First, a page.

Focus on Fiction is pleased to feature
B.J. is a best-selling novelist who has won a number of awards and regularly delights a worldwide reading audience. She is the author of numerous books including An Emerald Ballad series, Cloth of Heaven, Ashes and Lace, The Penny Whistle, and the new American Anthem series. She is also the winner of Christianity Today's Critic's Choice Award for Fiction, a Gold Medallion Award finalist, and winner of numerous Excellence in Media Silver Angel Awards. B.J. and her husband make their home in Ohio and share a love of music, books, and family get-togethers with two grown daughters and one grandson.
Focus: B.J., you've been a contributor to the fiction world for a number of years. How many books have you published?
B.J. Hoff: Including the third volume of the American Anthem series (my current work in progress)--20 novels. I've also published 5 devotional/inspirational gift books.
Focus: As a Christian author, how important do you feel it is to maintain balance in fiction between the dark realities of tragedy and sin and the hope of redemption?
B.J. Hoff: How do you show the hope of redemption without showing the reality of our fallen nature or convey the grace of God without portraying the depravity of man? And could we ever appreciate the light if we're not aware of the darkness? Writing fiction from a Christian worldview means writing the whole story, not just the "good parts." It means writing about the world as it is, not just as I'd like it to be. For the Christian novelist, the balance is a tenuous one, but if interpreting truth and reflecting reality are to be incorporated into what I create, then I need to observe that balance as carefully as possible.
Focus: Your fantastic new historical novels, The American Anthem Series, are available now. Can you tell our readers a bit about books one and two, and give them a sneak peek at what's coming in book three?
B.J. Hoff: I'm going to let an excerpt from the back cover copy introduce each of the first two books:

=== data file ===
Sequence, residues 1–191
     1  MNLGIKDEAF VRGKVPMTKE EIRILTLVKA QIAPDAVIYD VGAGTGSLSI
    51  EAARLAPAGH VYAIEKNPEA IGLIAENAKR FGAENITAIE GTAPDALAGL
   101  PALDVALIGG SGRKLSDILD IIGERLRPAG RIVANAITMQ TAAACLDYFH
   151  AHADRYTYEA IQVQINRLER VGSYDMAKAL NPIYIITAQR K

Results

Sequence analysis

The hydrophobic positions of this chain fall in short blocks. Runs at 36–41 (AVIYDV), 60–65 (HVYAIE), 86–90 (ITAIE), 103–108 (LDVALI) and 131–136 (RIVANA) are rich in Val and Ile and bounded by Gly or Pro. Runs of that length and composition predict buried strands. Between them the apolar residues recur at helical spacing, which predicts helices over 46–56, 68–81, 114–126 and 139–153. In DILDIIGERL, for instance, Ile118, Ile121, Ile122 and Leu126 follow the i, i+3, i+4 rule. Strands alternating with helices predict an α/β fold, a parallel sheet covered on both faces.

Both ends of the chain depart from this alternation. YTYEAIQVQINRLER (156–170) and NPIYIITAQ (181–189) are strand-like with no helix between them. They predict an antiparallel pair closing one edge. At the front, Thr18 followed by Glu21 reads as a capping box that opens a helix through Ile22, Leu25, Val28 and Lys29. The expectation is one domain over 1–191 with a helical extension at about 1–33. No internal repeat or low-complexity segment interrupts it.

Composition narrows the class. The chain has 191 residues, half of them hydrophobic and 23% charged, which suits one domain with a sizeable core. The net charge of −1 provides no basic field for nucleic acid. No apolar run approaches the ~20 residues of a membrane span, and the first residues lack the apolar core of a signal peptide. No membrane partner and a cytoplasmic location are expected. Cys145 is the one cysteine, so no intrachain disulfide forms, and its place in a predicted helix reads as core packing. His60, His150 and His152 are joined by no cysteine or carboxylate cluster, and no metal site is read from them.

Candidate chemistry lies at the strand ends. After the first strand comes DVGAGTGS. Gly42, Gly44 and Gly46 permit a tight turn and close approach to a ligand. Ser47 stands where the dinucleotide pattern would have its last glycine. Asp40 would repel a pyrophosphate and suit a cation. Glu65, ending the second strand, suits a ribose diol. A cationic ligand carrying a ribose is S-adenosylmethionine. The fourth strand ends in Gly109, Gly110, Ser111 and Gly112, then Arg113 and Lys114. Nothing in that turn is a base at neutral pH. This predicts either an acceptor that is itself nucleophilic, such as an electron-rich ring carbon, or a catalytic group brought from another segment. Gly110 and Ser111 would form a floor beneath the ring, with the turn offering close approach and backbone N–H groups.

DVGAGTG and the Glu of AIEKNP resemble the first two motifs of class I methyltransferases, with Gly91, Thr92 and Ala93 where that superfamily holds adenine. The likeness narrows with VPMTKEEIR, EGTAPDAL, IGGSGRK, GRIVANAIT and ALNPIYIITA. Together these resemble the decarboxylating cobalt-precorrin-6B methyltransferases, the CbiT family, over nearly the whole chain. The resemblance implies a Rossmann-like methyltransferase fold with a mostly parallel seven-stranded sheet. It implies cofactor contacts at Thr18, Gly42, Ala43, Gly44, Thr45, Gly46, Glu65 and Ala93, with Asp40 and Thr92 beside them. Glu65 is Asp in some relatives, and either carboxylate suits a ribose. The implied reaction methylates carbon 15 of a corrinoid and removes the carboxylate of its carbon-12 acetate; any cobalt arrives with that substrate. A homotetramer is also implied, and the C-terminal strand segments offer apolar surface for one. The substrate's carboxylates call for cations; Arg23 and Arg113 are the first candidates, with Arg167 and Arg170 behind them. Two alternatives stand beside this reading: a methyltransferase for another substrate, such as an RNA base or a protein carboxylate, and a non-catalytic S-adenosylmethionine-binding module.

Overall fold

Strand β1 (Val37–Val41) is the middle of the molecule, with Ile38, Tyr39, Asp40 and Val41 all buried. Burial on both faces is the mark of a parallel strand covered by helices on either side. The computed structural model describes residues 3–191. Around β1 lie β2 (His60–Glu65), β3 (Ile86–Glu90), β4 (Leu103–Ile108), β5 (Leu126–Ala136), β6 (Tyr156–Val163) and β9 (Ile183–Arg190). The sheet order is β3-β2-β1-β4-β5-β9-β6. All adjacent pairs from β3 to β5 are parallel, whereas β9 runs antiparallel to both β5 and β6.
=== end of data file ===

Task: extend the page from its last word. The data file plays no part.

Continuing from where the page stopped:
Prelude: "From the crowded tenements of New York City to the opulent mansions of the Hudson River Valley from the music of evangelistic crusades held in a skating rink to the soaring strains that fill the concert hall
At the entrance to the city, an Irish governess (Susanna Fallon) climbs into a carriage and sets out to confront the man who destroyed her sister's life--a blind musician (Michael Emmanuel) who hears music no one else can hear . On a congested city street, a lonely Scots physician with a troubling secret (Andrew Carmichael) meets a woman doctor (Bethany Cole) who shares his heart for healing . In a tumbledown shack among thousands of others just like it, an immigrant family (Conn and Vangie MacGovern and children) struggles to survive, and a ragged street singer appoints herself as an unlikely guardian."
Cadence: "A saga of the men and women whose love shaped America's heart and America's music. Cadence takes you on an unforgettable ride through the bustling world of nineteenth-century New York--the glittering rooms of stately mansions and opera houses a magical, snowy Central Park where fur-clad lovers huddle close and share their feelings--and their fears a squalid apartment where ragged children care for their opium-addicted mother .
In the music room of an opulent Hudson River estate, a young woman sits down at the piano to play music she would never share with the maestro she secretly loves . On the edge of a New York City slum, a dedicated young female doctor and an arthritic Scots physician climb into their carriage for a mysterious house call . On a teeming city dock, a desperate, unemployed Irishman hears the scream of an abused stallion and buys his family a new life by running to the rescue."